Title: Fighting Spirit
Rating: T (Suitable for ages above thirteen)
Original pen-date: 20 November 2008
Summary: The Massachusetts Line marches to New York. Spring 1776.
Author's Note: There are probably some historical goofs in here and I apologise for them.
The retreat of the British from Boston had been a great victory. It was said that all of the fighting men of the Massachusetts Colony had turned out in response to the general call to arms, and it had certainly seemed true. After the fight at Breed's Hill and the subsequent build-up of fortifications around Boston, Benjamin Strout would have happily claimed that all the world had begun to gather on the colonists' side. The young former farrier's apprentice had been amongst the men at Breed's Hill, first helping dig the redoubt and later helping defend it. His enlistment was still new, not even four months old, and he was as full of pluck and spirit as any man. After all, how could the colonists' recent success possibly be halted?
General Washington was of similar mind, it was said, and now the army was on the move. To the New York Colony, the regiment's officers told them. Anything more than that was supplied by rumour, but it was enough to Strout that he and his regiment were soon to lay into the British. It still felt odd to him, calling the British the enemy when he himself was nominally British; but he was fast becoming used to it. It was far more comfortable regarding himself and his fellows to be Massachusetts men - for had it not been the Massachusetts Line that had turned out the red-coats from Boston? Of course it had, and rightly so.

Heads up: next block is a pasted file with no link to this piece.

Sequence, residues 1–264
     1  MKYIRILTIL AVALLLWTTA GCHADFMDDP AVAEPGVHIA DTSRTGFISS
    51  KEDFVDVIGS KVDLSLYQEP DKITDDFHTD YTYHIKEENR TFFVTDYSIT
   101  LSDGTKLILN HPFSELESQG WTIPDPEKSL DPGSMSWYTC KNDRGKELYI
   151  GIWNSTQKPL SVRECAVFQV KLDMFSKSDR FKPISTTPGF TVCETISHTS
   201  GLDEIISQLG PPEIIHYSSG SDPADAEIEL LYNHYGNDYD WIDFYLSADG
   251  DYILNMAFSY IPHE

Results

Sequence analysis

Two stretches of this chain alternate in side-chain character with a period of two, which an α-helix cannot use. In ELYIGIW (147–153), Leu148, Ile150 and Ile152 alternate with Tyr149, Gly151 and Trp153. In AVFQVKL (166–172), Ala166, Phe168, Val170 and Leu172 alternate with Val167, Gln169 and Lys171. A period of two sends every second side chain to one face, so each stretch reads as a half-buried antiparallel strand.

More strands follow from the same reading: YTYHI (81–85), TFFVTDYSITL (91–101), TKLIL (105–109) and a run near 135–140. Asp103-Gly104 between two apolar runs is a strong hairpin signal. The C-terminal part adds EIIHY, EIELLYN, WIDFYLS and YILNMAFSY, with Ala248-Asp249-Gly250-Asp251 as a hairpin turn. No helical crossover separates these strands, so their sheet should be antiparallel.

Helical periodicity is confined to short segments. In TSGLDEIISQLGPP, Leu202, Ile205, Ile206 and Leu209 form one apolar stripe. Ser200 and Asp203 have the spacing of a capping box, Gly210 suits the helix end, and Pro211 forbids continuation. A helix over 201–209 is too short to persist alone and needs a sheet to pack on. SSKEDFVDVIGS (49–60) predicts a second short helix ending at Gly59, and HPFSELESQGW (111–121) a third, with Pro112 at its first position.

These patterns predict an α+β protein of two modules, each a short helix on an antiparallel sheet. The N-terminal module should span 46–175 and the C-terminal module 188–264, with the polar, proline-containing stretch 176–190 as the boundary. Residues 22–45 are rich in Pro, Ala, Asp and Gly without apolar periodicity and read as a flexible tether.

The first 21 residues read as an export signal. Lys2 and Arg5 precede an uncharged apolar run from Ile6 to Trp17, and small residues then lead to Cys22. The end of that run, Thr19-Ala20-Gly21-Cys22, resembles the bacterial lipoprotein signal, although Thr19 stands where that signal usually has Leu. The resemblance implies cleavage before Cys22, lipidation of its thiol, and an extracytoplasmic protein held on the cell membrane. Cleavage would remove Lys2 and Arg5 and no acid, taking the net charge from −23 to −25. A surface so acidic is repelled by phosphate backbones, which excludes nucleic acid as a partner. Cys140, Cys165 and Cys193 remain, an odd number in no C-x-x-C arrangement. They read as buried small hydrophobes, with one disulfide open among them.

His shoes stirred up a steady, ribboning trail of dust as he walked, not quite in step with the rest of the column but not caring. His martial knowledge began with knowing how to load, fire, and care for his musket and ended with only the most vague understanding of drill movements. It was the same for most of the regiment - and most of the other regiments, too. Their one true claim to military prowess was their willingness to fight - and fortunately most of them had muskets with which to fight. Those who did not, like poor Jack Leech, made due with cumbersome blunderbusses or long hunting pistols. By some stroke of luck, they also had some mismatched field pieces and those, more than their questionable musketry, were what would speak the loudest for them.
Old Dan Cross, a tinsmith from Cambridge, was whistling from his place up ahead. Perhaps out of everyone else in the regiment, Strout looked up to him the most. Dan had fought against the French some ten years earlier and many men respected him. And Dan said they were well on their way to winning the terms desired by the Congress. What more did they need to hear? Somebody else in the mostly-even files started whistling too. Strout grinned as more men joined in and patted his waistcoat for the tin whistle he kept tucked away in a pocket. Beside him, Jack Leech laughed and tucked slung his blunderbuss with some little difficulty and took Strout's musket for him. Over the men's whistle came the higher notes of the tin whistle, matching them in tune if not in pitch.
"Well," Captain Bennett observed, from his place at the head of the regiment's column, "you cannot deny that they are spirited."
Captain Knapp grunted. "Spirited they may be, but that is no replacement for discipline. Most of them cannot march properly, never mind handle a musket competently. Those of them that do have muskets!"
"As you say." Bennett shrugged and whistled a couple bars of the men's chosen tune. Whatever grumbles Knapp had about drill and discipline, it simply could not be argued that the regiments of the Massachusetts Line had spirit. The difficulty lay in properly employing it, but Bennett was confident they would acquit themselves well at Long Island, when they reached it. After all, had not many of these same men performed so nobly at Breed's Hill? Knapp glared irritably at him, but Bennett simply smiled to himself. Let the men whistle as they pleased, he thought, and let them keep their fighting spirit.